The Two Towers
by J.R.R. Tolkien
This guy's the Lord of Lothlórien, whom we meet in The Fellowship of the Ring. In The Two Towers Merry asks Treebeard why Celeborn warned them away from Fangorn, and Treebeard explains that Fangorn is a strange place, and people do run into troubles. Treebeard also clarifies: Lothlórien means "Dreamflower," but it was once called "Land of the Valley of the Singing Gold," Laurelindórenan. Treebeard meditates that the change of name means that the Golden Wood is "fading, not growing" (3.4.58).
Eärendil carries one of the three Silmarils (special, shining Elvish jewels) across the sky as the Morning and Evening Star. It is the light of this star that Frodo carries in the jewel Galadriel gave him to bring light to dark places. When Frodo first holds the light above his head in Torech Ungol, he cries out "Aiya Eärendil Elenion Ancalima!"—"Hail, Eärendil the brightly shining star!" (source, pg. 278). For more on Eärendil's origin story, check out our "Character Analysis" of Eärendil in The Fellowship of the Ring, or, of course, The Silmarillion.
At Cirith Ungol, as Sam battles Shelob, he suddenly speaks a hymn to this figure as though he is speaking in tongues. This is Elbereth, the Elvish Queen of Stars. We have seen signs of the strength of her name against evil before, in The Fellowship of the Ring Book 1, Chapter 11 when Frodo tries to fight back against the Nazgûl at Weathertop. But this is the first time that we see her power almost possess someone, since Sam's "tongue was loosed and his voice cried in a language which he did not know" (4.10.9). After he has spoken this hymn, he stands and is "Samwise the hobbit, Hamfast's son again" (4.10.9). And it works: the hymn, combined with Galadriel's jewel, makes a light that sends Shelob crawling back to her lair in agony.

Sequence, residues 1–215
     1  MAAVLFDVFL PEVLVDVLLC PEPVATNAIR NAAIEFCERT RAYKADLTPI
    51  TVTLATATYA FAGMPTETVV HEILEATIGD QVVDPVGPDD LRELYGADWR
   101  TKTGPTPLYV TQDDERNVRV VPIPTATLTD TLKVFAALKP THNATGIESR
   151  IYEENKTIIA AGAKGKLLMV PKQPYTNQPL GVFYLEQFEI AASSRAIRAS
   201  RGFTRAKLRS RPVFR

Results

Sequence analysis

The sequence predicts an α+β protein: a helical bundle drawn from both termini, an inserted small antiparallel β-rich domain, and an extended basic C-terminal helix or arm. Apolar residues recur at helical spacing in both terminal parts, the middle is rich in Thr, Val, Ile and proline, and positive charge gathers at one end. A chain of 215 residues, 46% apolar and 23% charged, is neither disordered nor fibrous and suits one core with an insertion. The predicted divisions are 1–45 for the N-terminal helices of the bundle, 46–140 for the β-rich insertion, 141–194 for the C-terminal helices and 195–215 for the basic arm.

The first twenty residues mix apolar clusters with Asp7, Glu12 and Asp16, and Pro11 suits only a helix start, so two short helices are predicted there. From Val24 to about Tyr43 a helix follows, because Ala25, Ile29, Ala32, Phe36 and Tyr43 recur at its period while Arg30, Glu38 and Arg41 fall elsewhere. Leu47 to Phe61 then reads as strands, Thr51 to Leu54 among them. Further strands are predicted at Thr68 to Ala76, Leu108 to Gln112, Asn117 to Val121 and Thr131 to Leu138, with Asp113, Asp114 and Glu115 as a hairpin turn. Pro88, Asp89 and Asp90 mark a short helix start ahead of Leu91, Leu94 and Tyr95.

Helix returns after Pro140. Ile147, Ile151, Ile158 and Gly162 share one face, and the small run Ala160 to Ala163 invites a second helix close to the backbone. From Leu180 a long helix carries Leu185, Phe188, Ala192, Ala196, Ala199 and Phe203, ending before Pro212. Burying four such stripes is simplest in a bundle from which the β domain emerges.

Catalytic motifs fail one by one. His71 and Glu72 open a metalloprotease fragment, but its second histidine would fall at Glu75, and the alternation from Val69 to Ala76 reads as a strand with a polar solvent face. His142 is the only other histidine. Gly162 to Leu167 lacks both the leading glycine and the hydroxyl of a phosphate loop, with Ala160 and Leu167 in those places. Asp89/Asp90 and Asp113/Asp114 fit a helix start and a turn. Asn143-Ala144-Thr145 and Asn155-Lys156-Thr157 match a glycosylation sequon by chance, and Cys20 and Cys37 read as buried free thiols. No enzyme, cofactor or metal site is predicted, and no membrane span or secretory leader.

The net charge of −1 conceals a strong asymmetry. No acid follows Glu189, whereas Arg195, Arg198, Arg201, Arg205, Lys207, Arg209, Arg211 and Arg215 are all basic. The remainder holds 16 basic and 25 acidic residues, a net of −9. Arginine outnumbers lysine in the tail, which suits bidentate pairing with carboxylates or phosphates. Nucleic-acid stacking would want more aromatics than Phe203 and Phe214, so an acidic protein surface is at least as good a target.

Fëanor only comes into The Two Towers in passing; his story really appears in The Silmarillion, if you want to know more about him. His main importance to this story is that he is the creator of the seven palantíri, one of which belonged to Orthanc. It is through the palantír, which is a glass ball that communicates with the other six palantíri, that Saruman and Sauron managed to stay in touch.
Galadriel is the beautiful elf Lady of Lothlórien, who we see a lot of in The Fellowship of the Ring. After getting back from his almost-death in Moria, Gandalf meets up with Galadriel to hear all the news of what he missed while he was dead. While we don't really see much of Galadriel in The Two Towers, she still influences Our Heroes. Galadriel uses Gandalf to pass on messages to Aragorn, Legolas, and Gimli, telling Aragorn to beware of the Dead, Legolas, of the Sea, and Gimli, of putting his "axe to the right tree" (3.5.150).
When Sam tries to describe Galadriel to Faramir, he says that she is sometimes "like a great tree in flower, sometimes like a white daffadowndilly, small and slender like. Hard as di'monds, soft as moonlight. Warm as sunlight, cold as frost in stars" (4.5.128). Sam can only describe Galadriel's beauty with a bunch of opposite ideas because her gorgeousness is beyond words. Galadriel is the ideal of perfect beauty, different for each person because we all have changing ideals.
Sam also tells Faramir that it was under the gaze of Galadriel that Boromir discovered his own desire for the Ring: "it's my opinion that in Lórien he first saw clearly what I guessed sooner: what he wanted. From the moment he first saw it he wanted the Enemy's Ring!" (4.5.132). It makes sense that Galadriel's special magic object in The Fellowship of the Ring (Book 2, Chapter 7) is a Mirror. She herself is like a mirror, which shows you your own innermost heart (either good or evil). Boromir may not have liked what she reflected back to him, but that's on Boromir himself. After all he's the one who felt guilty just looking at her.
Also, in The Two Towers we are reminded that Galadriel is the one who gave Frodo a special jewel that glows with the light of the Evening Star, Eärendil, near the end of The Fellowship of the Ring. In this novel, Frodo clutches this jewel when he freaks out at the sight of the Lord of the Nazgûl outside of Minas Morgul near the end of Book Four. He and Sam also use it to move through Shelob's Lair on the way to Cirith Ungol. So thank you, Galadriel.
Haldir is an elf of Lothlórien. In The Fellowship of the Ring, he presented Sam with some elvish rope, "a bit thin, but it's tough; and soft as milk to the hand" (4.1.64), as Sam tells us in The Two Towers. Sam recalls Haldir's words as he is using the rope to save Frodo from a cliff ledge in Emyn Muil: "[The rope] may be a help in many needs [...] And he spoke right" (4.1.60). It's a passing mention; for more on this character, you should check out our "Character Analysis" in our The Fellowship of the Ring learning guide.